We determined the recovery from neuromuscular fatigue in six professional (PRO) and seven moderately trained (MOD) cyclists after repeated cycling time trials of various intensities/durations.
Participants performed two 1-min (1minTT) or two 10-min (10minTT) self-paced cycling time trials with 5 min of recovery in between. Central and peripheral fatigue were quantified via preexercise to postexercise (15-s through 15-min recovery) changes in voluntary activation (VA) and potentiated twitch force. VA was measured using the interpolated twitch technique, and potentiated twitch force was evoked by single (QTsingle) and paired (10-Hz (QT10) and 100-Hz (QT100)) electrical stimulations of the femoral nerve.
Mean power output was 32%–72% higher during all the time trials and decreased less (−10% vs −13%) from the first to second time trial in PRO compared with MOD (P < 0.05). Conversely, exercise-induced reduction in QTsingle and QT10/QT100 was significantly lower in PRO after every time trial (P < 0.05). Recovery from fatigue from 15 s to 2 min for QTsingle and QT10/QT100 was slower in PRO after every time trial (P < 0.05). In both groups, the reduction in QTsingle was lower after the 10minTTs compared with 1minTTs (P < 0.05). Conversely, VA decreased more after the 10minTTs compared with 1minTTs (P < 0.05).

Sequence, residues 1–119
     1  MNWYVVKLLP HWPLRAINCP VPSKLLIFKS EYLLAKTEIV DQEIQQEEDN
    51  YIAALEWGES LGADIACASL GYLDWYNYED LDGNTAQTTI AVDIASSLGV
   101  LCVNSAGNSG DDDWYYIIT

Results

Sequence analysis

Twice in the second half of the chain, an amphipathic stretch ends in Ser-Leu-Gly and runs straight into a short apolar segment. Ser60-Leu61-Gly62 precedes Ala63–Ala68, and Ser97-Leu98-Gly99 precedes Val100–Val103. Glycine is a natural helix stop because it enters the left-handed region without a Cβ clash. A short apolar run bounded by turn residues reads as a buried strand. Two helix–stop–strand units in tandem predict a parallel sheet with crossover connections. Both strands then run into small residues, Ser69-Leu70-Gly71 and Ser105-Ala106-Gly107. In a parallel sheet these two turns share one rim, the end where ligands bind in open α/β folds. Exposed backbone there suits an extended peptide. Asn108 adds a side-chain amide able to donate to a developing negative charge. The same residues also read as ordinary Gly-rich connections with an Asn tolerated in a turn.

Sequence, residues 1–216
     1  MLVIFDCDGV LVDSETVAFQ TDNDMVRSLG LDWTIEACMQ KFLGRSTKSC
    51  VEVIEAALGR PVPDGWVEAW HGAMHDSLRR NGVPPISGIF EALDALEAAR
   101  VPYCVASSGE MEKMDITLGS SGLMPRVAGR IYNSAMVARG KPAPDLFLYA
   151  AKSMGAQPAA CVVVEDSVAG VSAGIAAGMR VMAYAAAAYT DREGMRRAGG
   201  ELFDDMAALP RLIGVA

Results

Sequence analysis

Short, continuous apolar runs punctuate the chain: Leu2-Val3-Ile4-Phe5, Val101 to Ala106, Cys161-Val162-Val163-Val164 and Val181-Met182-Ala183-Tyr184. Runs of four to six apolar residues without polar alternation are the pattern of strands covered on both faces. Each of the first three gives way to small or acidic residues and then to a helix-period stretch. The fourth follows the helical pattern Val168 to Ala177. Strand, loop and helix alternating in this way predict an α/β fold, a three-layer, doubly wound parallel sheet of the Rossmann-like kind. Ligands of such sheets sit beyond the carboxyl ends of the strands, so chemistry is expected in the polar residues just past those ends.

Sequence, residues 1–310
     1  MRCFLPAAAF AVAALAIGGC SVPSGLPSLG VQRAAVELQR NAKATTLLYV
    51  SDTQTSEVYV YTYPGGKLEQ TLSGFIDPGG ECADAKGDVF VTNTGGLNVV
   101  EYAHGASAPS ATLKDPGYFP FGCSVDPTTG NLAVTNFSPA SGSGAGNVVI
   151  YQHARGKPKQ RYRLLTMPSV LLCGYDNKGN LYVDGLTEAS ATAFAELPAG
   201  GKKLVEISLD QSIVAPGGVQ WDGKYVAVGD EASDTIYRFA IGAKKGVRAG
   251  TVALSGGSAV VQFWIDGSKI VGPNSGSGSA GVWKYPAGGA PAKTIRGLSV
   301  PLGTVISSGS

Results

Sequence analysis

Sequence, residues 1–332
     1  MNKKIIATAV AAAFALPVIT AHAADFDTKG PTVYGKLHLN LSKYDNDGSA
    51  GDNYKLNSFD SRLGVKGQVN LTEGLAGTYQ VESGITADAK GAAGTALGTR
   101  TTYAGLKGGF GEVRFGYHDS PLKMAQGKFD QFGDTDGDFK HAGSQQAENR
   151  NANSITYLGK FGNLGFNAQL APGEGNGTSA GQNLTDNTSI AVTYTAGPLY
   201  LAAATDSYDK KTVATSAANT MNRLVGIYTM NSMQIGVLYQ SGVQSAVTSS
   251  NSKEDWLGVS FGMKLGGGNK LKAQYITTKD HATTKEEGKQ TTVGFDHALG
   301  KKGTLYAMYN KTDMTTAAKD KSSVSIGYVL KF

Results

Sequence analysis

Our findings showed that excitation–contraction coupling was preserved after exercise in PRO compared with MOD. This likely contributed to the improved performance during repeated cycling time trials of various intensity/duration in PRO, despite a slower rate of recovery in its early phase. Finally, the time course of recovery from neuromuscular fatigue in PRO was dependent on the effects of prolonged low-frequency force depression.